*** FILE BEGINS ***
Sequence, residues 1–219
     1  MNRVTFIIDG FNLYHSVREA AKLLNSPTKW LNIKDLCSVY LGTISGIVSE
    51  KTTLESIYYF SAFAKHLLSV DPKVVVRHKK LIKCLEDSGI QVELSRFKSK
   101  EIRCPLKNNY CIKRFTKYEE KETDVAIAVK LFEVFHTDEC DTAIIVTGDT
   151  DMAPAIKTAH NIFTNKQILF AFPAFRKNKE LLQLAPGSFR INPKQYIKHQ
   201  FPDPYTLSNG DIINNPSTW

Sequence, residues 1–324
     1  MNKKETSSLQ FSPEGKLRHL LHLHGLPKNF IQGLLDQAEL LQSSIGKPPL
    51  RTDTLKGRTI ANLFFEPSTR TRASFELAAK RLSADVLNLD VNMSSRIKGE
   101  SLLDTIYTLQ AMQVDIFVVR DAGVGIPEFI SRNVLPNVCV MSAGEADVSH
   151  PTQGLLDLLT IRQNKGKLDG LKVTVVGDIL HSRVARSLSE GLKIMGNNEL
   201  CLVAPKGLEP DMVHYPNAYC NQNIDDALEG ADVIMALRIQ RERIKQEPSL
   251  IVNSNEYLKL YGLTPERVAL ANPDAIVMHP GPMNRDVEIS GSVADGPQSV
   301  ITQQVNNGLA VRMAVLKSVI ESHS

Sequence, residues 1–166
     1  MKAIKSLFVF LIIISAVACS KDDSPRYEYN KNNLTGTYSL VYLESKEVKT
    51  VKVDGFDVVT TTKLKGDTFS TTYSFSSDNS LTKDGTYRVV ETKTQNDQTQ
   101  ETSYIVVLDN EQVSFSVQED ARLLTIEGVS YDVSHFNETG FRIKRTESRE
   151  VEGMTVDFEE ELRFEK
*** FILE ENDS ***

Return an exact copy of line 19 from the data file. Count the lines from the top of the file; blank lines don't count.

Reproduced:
   151  VEGMTVDFEE ELRFEK